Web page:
Thyroid hormones regulate the body’s metabolism and affect nearly every organ in the body. When the body produces too much thyroid hormone (hyperthyroidism) it causes many functions is the body to speed up too much. When the body produces too little thyroid hormone it causes many of our body functions to slow down (hypothyroidism).

It’s well-known in the medical community that the thyroid plays a critical role in the development of a healthy baby as well as maintaining the health of the mother. Women with hypothyroidism can have a healthy pregnancy by being aware of how their pregnancy affects the thyroid and taking the required treatments and medications. Because the risks to the baby and mother are very real, if a hypothyroid woman does conceive, she may be at significantly higher risk for miscarriage, stillbirth, placental abruption, preterm birth and preeclampsia.

Fortunately, statistics say that if thyroid treatment successfully normalizes thyroid levels, then the risks are the same as for healthy women.

Pregnancy Risks For Women With Subclinical Hypothyroidism

WebMD defines subclinical hypothyroidism as being diagnosed under the following conditions: 1) No symptoms or mild symptoms of hypothyroidism. Examples are fatigue, cold intolerance, consistent weight gain, depression, or memory problems. 2) Having a mildly high TSH (thyroid-stimulating hormone, the marker which is increased when thyroid hormone is low) 3) Having a normal thyroxine (T4) level.

Subclinical hypothyroidism seems to be a grey area for physicians as there is great debate among doctors regarding best treatment. In fact, the American Thyroid Association currently does not recommend treatment, calling the data unclear. Many women with this diagnosis may have low body temperatures and still suffer the symptoms. And low body temperatures can also make it difficult for women to conceive.

A recent study addressed the concerns of subclinical hypothyroidism in pregnancy and the risk of miscarriage. This study is a meta-analysis, meaning it looked at a group of older studies which all have similar themes, and determined what the overall outcome was when looking at the entire group of research as a whole. This particular meta-analysis reviewed seven older studies which first analyzed the risk of miscarriage in women who were diagnosed with subclinical hypothyroidism, but weren’t being treated. It was determined that overall, women in this situation had significantly greater risk of having a miscarriage as compared to women with healthy thyroid levels.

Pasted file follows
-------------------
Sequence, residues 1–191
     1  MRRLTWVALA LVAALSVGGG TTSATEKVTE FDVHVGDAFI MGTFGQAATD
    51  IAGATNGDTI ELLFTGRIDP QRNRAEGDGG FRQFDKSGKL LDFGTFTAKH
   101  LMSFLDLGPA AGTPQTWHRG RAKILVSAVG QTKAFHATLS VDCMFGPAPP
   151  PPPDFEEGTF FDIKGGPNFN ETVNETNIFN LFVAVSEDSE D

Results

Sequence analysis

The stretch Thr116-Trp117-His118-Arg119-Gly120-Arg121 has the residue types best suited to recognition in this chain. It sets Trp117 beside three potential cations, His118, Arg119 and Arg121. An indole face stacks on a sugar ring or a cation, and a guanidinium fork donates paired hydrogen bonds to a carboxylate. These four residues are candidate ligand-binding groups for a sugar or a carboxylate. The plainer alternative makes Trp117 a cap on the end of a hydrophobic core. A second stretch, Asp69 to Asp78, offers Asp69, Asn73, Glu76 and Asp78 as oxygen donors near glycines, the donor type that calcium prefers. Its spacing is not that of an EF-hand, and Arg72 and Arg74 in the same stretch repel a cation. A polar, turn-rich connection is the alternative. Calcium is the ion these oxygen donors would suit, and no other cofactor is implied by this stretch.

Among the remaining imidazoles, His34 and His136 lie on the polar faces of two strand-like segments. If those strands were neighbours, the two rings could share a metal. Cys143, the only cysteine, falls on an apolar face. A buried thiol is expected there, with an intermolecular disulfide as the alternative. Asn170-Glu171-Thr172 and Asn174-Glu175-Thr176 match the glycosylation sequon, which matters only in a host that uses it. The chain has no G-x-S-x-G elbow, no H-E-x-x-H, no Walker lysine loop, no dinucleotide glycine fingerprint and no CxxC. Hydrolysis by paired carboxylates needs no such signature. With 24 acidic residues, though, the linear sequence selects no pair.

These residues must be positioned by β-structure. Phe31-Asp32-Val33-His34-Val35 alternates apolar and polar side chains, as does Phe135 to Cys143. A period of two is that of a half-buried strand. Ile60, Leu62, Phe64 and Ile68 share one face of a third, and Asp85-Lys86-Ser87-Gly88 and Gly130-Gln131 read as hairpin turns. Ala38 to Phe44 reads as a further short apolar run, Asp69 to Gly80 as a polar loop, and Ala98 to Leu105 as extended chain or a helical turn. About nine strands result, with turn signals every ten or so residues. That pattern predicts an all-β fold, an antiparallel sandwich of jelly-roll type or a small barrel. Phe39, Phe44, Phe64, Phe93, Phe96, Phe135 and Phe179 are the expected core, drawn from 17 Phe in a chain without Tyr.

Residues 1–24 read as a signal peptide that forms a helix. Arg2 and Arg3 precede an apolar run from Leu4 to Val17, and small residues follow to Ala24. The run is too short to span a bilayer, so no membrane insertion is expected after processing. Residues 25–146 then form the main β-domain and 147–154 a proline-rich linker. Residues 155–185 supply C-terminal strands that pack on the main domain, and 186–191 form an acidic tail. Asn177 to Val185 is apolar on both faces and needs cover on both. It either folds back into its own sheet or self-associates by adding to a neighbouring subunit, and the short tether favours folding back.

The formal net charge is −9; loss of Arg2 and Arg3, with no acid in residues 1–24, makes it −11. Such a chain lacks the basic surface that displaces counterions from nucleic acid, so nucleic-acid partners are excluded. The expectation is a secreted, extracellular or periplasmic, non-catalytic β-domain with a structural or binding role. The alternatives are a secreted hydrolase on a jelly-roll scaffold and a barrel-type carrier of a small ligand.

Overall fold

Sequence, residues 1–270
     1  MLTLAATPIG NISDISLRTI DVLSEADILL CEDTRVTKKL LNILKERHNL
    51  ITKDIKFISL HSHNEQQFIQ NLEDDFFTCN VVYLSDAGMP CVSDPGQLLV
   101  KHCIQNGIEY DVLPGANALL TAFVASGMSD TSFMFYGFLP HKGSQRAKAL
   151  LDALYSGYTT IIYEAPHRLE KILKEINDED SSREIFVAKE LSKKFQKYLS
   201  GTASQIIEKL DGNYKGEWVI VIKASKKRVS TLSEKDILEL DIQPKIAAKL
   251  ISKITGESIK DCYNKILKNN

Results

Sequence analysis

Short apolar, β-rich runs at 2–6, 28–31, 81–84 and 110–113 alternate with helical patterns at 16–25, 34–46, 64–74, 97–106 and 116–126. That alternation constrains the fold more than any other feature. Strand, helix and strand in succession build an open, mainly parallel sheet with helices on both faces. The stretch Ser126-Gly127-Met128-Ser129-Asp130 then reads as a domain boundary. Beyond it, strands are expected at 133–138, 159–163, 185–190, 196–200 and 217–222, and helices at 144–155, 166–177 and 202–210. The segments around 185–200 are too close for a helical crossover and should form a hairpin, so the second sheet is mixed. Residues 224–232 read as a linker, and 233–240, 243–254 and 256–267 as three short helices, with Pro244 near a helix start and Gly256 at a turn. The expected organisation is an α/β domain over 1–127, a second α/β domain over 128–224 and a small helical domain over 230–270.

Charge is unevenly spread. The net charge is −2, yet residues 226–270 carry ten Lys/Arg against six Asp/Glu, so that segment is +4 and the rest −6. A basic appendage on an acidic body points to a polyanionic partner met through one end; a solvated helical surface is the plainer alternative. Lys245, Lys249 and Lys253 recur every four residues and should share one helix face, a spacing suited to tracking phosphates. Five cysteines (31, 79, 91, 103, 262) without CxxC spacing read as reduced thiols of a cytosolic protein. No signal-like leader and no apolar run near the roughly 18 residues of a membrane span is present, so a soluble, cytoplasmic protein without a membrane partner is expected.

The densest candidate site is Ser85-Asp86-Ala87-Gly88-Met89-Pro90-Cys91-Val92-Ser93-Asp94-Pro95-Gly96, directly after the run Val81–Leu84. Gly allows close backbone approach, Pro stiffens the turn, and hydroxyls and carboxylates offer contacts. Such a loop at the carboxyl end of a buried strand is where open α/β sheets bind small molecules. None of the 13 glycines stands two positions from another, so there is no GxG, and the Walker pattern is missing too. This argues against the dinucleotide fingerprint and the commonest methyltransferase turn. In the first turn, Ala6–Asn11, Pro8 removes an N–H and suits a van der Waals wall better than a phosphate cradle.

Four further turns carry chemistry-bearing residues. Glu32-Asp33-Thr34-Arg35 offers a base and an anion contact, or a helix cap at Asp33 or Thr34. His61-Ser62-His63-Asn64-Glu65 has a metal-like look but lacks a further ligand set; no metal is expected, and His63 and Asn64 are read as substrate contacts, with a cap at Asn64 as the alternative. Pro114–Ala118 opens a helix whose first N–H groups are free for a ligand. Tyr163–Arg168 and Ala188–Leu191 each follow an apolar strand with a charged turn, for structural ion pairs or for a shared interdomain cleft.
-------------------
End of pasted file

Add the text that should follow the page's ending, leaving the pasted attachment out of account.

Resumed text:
There was good news, however. The study also looked at risks for women with subclinical hypothyroidism who were being treated effectively (normalizing their TSH levels), and found that treatment lowered their risk of miscarriage significantly, as compared to the women who were not treated.

This article also noted that as TSH levels increased, the risk of having a miscarriage increased proportionately.

In pregnancy, the parameters for TSH and thyroid levels are different than the levels for a non-pregnant women. In 2017, the American Thyroid Association gave new guidelines which lowered the upper limit for TSH (by .5 mU/L) in pregnant women, so many more would fall into the diagnosis of hypothyroidism and would qualify for treatment. Nevertheless, the ATA still does not recommend treating subclinical hypothyroidism.

Yet, the findings from this meta-analysis study strongly suggests that treating women with subclinical hypothyroidism significantly reduces their chances of having a miscarriage as compared to women without treatment.

For women trying to conceive, it’s highly likely that women with Wilson’s Temperature Syndrome (WTS) would face the same obstacles as women with subclinical hypothyroidism and would benefit from normalizing their low body temperatures even when their TSH levels are normal. To learn more about WTS and how to diagnose it simply by taking your temperature, please see these guidelines
http://www.wilsonssyndrome.com/identify/how-are-body-temperatures-measured/

Reference:
http://journals.plos.org/plosone/article?id=10.1371/journal.pone.0175708